7 NFL Rookies Who Can Take the League by Storm in 2020
Several members of the 2020 NFL draft class have a chance to make a league-altering impact upon arrival.
Onlookers saw it a year ago with second overall pick Nick Bosa, who arrived in a great schematic and depth-chart fit with the San Francisco 49ers and went on to post nine sacks while boosting the team to the Super Bowl.
Several incoming rookies have landed in similar situations for immediate individual success. They also don't have any questions about early playing time, do project as pro-ready and usually play a position that doesn't have a massive barrier to instant production (though there have been exceptions, such as Terry McLaurin in 2019).
These are the rookies with the best chance to take the NFL by storm in 2020.
Clyde Edwards-Helaire, RB, Kansas City Chiefs
Running backs have one of the easiest paths to production as rookies given the general smoothness of the pro transition.
It's largely about landing spot, and few rookies landed in a better situation than Clyde Edwards-Helaire with the Kansas City Chiefs.
Picked by Patrick Mahomes himself, the draft's 32nd selection was an all-around workhorse at LSU. During his last campaign, Edwards-Helaire ran for 1,414 yards on a 6.6 per-carry average and 16 scores and also caught 55 passes for 453 yards and a score.
Now in the NFL's best offense, Edwards-Helaire shouldn't have a problem shoving aside Damien Williams for the majority of the touches out of the backfield. Williams, after all, has handled more than 50 carries in a season just once in his six campaigns, and the Chiefs singled out running back as the pick in the first round for a reason.
The best back in an offense that put up 1,569 rushing yards on a 4.2 average last year (218 yards coming from Patrick Mahomes), Edwards-Helaire is positioned to be a rookie sensation.
Jonathan Taylor, RB, Indianapolis Colts
Don't discount Jonathan Taylor in the rookie breakout race at running back.
Taylor always had the feel of a back who could challenge for Offensive Rookie of the Year honors. Running for 6,174 yards on a 6.7 per-carry average and 50 touchdowns at Wisconsin, with 42 catches as well, he solidified his chances regardless of landing spot.
Then the Indianapolis Colts took him with the 41st pick.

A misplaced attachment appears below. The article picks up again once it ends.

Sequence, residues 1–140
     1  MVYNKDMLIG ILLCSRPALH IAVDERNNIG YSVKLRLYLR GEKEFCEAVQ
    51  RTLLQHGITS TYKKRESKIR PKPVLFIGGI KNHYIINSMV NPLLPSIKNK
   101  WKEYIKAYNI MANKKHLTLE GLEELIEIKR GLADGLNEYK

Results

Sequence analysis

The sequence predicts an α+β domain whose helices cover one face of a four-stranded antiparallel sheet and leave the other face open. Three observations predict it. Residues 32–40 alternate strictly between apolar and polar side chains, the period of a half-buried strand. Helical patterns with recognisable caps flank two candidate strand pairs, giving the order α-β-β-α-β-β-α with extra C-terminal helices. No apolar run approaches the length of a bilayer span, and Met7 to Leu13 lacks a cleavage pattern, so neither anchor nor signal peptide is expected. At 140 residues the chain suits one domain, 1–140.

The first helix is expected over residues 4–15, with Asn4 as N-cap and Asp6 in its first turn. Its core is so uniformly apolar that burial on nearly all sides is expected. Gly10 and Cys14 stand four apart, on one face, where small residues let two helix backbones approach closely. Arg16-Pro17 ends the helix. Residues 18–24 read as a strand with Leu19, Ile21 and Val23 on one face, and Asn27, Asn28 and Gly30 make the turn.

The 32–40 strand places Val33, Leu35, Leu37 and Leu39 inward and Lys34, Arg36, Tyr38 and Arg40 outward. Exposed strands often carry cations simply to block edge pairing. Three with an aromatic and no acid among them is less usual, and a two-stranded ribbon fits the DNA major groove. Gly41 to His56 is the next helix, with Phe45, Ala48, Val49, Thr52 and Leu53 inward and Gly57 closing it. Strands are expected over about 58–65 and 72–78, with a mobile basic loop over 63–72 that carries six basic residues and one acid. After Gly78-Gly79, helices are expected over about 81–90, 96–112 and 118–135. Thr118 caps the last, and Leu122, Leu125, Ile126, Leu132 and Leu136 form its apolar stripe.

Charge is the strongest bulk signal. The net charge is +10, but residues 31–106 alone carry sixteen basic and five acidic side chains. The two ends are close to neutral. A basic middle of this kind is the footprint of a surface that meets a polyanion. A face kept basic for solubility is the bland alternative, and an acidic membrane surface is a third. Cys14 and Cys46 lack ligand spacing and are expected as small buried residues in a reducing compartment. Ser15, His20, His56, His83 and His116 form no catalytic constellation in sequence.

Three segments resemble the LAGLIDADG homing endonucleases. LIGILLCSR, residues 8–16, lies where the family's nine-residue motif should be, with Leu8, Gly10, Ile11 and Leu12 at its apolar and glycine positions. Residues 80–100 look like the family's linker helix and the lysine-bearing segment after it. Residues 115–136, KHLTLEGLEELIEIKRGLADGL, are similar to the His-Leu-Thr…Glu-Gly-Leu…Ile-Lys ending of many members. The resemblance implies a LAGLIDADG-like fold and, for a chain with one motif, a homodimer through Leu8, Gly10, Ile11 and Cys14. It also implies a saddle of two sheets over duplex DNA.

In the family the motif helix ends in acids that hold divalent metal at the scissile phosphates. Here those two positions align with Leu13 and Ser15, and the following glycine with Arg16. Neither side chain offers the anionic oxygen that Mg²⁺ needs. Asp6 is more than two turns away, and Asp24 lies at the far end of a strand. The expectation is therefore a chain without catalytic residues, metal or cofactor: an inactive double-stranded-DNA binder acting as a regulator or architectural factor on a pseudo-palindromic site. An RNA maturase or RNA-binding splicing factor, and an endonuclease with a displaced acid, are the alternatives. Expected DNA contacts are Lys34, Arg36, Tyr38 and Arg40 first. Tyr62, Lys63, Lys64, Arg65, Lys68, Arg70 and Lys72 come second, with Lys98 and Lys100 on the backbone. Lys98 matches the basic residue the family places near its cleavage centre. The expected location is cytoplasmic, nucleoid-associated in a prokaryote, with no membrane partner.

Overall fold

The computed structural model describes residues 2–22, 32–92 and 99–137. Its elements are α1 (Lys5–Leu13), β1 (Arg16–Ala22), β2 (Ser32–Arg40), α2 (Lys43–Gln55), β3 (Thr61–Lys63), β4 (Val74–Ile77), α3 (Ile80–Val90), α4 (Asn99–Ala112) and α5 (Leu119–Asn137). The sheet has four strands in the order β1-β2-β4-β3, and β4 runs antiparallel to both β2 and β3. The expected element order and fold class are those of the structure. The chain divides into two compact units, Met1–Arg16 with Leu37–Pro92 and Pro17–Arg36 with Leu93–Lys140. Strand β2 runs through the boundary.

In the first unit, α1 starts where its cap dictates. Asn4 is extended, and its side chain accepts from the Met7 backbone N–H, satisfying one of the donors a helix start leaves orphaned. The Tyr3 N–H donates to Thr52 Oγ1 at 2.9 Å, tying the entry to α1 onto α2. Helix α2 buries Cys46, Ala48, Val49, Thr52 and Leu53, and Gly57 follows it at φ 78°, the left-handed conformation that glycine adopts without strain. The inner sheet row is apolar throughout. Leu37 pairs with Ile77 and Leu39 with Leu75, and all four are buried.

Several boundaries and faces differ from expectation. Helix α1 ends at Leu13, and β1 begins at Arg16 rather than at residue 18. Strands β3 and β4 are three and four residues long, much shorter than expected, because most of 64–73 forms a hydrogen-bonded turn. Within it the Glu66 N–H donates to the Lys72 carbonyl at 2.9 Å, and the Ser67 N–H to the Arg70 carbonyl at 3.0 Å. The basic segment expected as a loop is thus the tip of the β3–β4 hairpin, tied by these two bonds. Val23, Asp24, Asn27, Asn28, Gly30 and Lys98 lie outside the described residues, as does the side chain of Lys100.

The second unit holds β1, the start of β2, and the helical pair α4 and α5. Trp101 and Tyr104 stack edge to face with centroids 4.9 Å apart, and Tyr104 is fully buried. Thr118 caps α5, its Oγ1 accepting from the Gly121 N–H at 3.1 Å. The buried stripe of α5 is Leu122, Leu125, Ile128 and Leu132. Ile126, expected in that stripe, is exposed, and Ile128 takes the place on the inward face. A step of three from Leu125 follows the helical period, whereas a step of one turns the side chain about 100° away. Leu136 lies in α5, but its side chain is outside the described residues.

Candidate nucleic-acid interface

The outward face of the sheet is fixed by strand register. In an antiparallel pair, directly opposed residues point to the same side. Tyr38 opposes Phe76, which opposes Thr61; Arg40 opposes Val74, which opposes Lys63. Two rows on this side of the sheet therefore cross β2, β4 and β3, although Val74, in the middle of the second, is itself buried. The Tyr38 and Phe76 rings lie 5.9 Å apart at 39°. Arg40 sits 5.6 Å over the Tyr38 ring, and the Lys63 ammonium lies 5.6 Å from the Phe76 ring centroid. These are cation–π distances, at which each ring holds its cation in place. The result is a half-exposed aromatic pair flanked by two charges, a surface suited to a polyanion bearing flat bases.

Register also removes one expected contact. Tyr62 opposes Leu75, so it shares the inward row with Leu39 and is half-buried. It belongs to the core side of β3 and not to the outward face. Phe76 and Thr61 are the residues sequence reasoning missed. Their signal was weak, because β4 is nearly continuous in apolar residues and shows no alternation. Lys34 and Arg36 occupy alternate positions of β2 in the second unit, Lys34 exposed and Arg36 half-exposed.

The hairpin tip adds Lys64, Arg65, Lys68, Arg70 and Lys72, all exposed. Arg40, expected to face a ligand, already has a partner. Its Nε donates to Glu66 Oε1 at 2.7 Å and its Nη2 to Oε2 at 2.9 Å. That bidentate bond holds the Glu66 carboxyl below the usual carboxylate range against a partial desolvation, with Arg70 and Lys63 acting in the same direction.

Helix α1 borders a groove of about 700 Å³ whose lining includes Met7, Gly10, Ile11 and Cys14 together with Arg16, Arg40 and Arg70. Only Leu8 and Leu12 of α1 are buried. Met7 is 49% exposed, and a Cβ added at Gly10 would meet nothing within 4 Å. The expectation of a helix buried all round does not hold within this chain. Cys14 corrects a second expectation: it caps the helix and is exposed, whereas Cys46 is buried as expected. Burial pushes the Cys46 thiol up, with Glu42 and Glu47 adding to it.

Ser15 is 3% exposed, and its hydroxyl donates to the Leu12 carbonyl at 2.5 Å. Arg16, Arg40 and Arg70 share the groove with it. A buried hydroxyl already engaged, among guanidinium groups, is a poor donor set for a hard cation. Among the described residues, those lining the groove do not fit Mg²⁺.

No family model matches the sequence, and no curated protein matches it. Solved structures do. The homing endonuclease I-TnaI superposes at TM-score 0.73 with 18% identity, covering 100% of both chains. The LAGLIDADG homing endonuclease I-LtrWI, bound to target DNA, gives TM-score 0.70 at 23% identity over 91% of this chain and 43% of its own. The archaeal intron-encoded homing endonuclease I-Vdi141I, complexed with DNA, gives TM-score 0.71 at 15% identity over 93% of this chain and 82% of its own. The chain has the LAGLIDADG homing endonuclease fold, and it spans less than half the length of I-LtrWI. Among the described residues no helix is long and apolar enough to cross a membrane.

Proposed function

He gets to play behind an elite offensive line headed up by Anthony Castonzo and Quenton Nelson while not being overly threatened by the presence of Marlon Mack, whose performance didn't stop the Colts from addressing his position in the top 50.
While defenses worry about Philip Rivers, T.Y. Hilton and others in a Frank Reich-directed passing attack, Taylor will be free to go to work in three-down fashion. His performance could have the NFL wondering why he wasn't off the board in the first round.
Patrick Queen, LB, Baltimore Ravens
If a rookie isn't a high-profile pass-rusher like Nick Bosa, it's somewhat easy to overlook just how good his first-year impact can be.
Patrick Queen, the 28th overall pick by the Baltimore Ravens, should be a great example.
Queen is a workhorse middle linebacker who in his final season at LSU put up 85 total tackles (12 for loss), three sacks and an interception. He'll slide right into the middle of the Ravens defense in what is generally the easiest linebacker position for a rookie.
And Queen will do so in the confines of a wicked front seven. He'll have Derek Wolfe, Brandon Williams and Calais Campbell in front of him while Pernell McPhee and Matt Judon rush the passer. Patrick Onwuasor, one of the guys Queen is replacing, finished third on the team in tackles (64) last year, and it's hard to imagine the LSU product won't do that or better.
With offenses so worried about the rest of Baltimore's front seven and the transition so smooth, Queen should be a stat-sheet stuffer right from the jump in Week 1.
Javon Kinlaw, DL, San Francisco 49ers
Javon Kinlaw doesn't play the easiest of positions that translate to instant success, but it's hard to think of a better surrounding set of circumstances.